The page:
Area:Arunachal Pradesh

Team: Indian expedition

Leader:Harish Kapadia

Members:July to August 2004
The expedition was dedicated to the memory ofLT. NAWANG KAPADIA of 4/3 Gorkha Rifles, Indian Army

Period:November -December


In remote and rarely visited Arunachal Pradesh, much remains to be explored. One such area was the valley of the Subansiri river in central Arunachal. A team from Mumbai explored this unique area, They followed the ancient pilgrimage route of Takpa Siri.  The Takpa Siri mountain, also known as the ‘Crystal mountain’ is holy to the Tibetans, Monpas and Tagins of Arunachal Pradesh. A pilgrimage was undertaken every 12 years, starting from Chosam in Tibet. It followed the Tsari Chu valley till its junction with the Subansiri river and then went up the Subansiri river valley till Taksing. From here the route turned north along the Yume Chu. The pilgrimage would end at the holy Yume Gompa (monastery). This longer version of pilgrimage, called ‘Ringkor’, was undertaken over a threemonth period and several thousand pilgrims passed on this route, staying in caves and bamboo shelters, which were called ‘Tsukang’. The local people stocked these shelters with food and wood for  pilgrims who passed through this challenging and difficult route. The Tagins, who stay in the Upper Subansiri valley, were paid yearly tributes by the Tibetans of Longju, and a special large tribute to help this pilgrimage every 12th year. Today, the pilgrimage has stopped as the McMahon Line or Line of Actual Control (LAC) divides Takpa Siri and the valleys of Arunachal Pradesh. The pilgrim route at Maja enters the Indianterritory and from Taksing, along the Yume Chu returns back towards China. Thus this fine tradition is now lost.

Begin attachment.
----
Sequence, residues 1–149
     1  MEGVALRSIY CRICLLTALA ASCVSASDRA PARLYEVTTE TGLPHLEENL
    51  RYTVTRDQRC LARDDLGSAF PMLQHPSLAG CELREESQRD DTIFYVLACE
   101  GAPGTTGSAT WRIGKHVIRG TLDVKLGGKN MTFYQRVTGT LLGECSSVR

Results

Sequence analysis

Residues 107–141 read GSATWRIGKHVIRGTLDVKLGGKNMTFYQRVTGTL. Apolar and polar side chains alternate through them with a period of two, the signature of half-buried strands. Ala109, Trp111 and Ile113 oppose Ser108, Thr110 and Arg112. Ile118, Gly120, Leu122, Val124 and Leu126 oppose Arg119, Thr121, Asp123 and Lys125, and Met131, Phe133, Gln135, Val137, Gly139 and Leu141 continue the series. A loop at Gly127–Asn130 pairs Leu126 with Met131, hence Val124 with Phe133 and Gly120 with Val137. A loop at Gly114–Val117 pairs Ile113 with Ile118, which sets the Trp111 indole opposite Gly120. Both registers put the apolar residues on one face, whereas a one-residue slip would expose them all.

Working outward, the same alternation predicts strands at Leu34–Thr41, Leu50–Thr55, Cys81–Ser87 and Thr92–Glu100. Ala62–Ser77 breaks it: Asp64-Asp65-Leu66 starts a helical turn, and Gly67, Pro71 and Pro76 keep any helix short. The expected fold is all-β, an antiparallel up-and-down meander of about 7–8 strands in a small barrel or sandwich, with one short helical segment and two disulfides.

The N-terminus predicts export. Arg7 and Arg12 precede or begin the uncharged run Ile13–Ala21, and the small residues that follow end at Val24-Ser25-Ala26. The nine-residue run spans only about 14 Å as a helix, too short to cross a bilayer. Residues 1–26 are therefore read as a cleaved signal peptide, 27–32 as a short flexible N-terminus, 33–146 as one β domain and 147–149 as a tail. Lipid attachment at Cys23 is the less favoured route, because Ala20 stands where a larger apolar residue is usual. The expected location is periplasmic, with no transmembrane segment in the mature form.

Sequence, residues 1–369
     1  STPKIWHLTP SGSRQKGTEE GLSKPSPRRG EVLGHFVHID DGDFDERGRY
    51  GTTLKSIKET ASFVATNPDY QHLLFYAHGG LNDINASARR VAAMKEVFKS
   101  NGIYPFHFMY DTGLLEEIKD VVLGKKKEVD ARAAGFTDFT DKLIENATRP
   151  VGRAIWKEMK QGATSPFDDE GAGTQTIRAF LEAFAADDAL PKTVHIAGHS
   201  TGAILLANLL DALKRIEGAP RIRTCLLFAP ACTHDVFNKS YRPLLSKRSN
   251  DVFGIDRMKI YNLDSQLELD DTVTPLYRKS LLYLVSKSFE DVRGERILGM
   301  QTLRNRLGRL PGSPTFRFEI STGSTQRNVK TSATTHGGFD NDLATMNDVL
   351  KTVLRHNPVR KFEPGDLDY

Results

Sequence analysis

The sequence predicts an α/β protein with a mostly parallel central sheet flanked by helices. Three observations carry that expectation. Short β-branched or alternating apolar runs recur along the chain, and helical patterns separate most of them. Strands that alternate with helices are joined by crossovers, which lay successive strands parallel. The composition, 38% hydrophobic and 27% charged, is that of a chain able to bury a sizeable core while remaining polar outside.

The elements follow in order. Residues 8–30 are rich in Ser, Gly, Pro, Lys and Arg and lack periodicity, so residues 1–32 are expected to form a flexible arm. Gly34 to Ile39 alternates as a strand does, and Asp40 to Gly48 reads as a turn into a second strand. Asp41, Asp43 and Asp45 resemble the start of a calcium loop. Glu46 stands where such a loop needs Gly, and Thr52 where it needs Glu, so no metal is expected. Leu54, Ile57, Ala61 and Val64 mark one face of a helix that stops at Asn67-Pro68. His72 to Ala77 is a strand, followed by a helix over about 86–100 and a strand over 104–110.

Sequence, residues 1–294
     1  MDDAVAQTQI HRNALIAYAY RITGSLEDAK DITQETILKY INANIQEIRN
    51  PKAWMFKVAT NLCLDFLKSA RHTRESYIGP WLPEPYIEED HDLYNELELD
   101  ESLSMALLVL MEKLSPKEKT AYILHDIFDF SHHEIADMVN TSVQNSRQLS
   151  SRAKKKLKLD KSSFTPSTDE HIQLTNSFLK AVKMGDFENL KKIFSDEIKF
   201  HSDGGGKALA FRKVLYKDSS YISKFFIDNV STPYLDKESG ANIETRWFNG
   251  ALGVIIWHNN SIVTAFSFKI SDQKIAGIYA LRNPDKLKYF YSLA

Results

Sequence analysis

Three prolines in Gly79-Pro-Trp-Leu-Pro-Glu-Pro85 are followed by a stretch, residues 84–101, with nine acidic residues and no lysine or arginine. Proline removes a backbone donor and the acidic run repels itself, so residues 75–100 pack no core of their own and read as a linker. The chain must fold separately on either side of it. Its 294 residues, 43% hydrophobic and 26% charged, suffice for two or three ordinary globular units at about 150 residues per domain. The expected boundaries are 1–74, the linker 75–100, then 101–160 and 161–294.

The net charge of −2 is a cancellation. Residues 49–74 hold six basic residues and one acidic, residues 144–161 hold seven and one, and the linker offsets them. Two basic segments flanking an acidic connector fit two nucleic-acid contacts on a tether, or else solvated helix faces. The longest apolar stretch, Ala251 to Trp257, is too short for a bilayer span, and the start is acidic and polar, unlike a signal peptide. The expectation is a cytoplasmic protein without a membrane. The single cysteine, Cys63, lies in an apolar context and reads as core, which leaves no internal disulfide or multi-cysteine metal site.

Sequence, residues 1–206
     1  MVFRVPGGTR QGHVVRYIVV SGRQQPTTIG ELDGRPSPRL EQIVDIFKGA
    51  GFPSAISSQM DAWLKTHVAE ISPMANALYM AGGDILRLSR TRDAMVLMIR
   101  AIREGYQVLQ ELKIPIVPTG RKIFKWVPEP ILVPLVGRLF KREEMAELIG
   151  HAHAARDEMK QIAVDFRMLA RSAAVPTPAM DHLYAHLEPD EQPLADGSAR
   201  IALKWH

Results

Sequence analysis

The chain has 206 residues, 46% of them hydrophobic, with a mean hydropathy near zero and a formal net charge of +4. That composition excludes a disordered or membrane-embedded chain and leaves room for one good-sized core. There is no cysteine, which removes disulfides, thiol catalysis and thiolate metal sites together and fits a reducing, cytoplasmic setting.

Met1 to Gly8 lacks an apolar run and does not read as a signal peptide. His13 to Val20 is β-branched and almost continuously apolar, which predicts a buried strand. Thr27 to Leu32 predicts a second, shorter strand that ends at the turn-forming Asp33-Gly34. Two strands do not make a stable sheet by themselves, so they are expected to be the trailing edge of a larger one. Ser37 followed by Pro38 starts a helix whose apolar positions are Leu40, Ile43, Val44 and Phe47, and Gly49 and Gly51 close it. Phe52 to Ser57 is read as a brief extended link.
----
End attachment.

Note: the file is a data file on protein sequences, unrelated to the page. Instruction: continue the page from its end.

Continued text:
This team   followed the Ringkor route on both sides, as much as possible from the Indian areas. From Guwahati, road travel of almost 850 km was undertaken over 4 days, via Tezpur, Itanagar, Kimin, Ziro, Daporijo  to reach  Limiking, the starting point of the  trek.

The trek began  across the first bridge, named after soldier Shere Thapa, with a 600 m steep climb, which snaked its way up. At many places the Tagins had erected improvised local wooden ladders, most of the time, over exposed areas, where a slip can drag you down the slope or to the river. After the climb was Tame Chung Chung (TCC, ‘place of snakes’).  From TCC the first exploration was along the Tsari Chu valley to Bidak, little short of Maja, as ahead is the Tibetan territories. 

Later the team proceeded to explore the Subansiri valley to trek towards Taksing, the last village on the India side.  From Taksing one can look towards the junction of the Chayal Chu and Yume Chu and the LAC. At the merging point of these two rivers, the Subansiri is formed which flows down to meet the Brahmaputra river in the plains of Assam.

Early explorers such as F. M.Bailey and H. T. Morshead had visited the area from Tibet. They have written about the both the pilgrimages around Takpa Siri.  F. Ludlow and later F. Kingdon-Ward also undertook the pilgrimage and observed and wrote about the traditions and botany of these areas. In 1956 Tony Huber, studied the pilgrimage in detail and wrote a thesis for his doctorate called, The Cult of the Pure Crystal Mountain narrating details of route and various legends associated with it.